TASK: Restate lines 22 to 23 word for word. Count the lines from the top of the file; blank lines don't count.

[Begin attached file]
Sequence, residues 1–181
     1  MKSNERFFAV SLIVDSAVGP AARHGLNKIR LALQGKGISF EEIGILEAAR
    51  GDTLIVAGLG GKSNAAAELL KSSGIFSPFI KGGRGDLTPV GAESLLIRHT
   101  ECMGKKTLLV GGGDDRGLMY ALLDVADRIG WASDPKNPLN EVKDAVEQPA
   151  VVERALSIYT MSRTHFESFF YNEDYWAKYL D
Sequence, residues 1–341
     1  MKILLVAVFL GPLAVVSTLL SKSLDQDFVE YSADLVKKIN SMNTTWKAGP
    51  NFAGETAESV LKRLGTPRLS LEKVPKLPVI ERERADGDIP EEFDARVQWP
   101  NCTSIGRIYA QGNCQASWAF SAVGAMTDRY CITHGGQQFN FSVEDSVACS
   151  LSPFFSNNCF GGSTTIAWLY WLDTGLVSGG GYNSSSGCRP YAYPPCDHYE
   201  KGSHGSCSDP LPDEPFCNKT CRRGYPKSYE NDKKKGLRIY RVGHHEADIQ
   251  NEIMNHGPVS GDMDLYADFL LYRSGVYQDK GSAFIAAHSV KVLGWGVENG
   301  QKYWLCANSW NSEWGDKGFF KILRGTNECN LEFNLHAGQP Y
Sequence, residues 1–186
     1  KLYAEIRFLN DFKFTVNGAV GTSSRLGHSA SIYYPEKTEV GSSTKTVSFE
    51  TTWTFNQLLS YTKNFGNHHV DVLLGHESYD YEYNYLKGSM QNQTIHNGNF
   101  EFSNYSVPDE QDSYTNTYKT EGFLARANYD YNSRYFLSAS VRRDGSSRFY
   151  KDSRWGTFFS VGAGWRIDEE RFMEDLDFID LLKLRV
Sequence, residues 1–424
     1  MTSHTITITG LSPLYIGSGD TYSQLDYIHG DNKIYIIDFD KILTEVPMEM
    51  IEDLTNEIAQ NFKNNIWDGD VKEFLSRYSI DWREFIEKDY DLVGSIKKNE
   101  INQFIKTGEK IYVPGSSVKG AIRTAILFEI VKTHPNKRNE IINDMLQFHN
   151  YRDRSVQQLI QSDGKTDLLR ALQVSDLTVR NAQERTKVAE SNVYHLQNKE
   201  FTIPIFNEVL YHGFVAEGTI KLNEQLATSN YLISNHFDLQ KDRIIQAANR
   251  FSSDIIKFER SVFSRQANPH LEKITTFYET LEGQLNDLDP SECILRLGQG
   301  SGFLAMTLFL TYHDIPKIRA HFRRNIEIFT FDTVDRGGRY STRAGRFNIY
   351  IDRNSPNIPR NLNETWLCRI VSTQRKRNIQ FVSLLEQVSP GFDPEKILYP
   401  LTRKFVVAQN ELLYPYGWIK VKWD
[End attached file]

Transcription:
   101  INQFIKTGEK IYVPGSSVKG AIRTAILFEI VKTHPNKRNE IINDMLQFHN
   151  YRDRSVQQLI QSDGKTDLLR ALQVSDLTVR NAQERTKVAE SNVYHLQNKE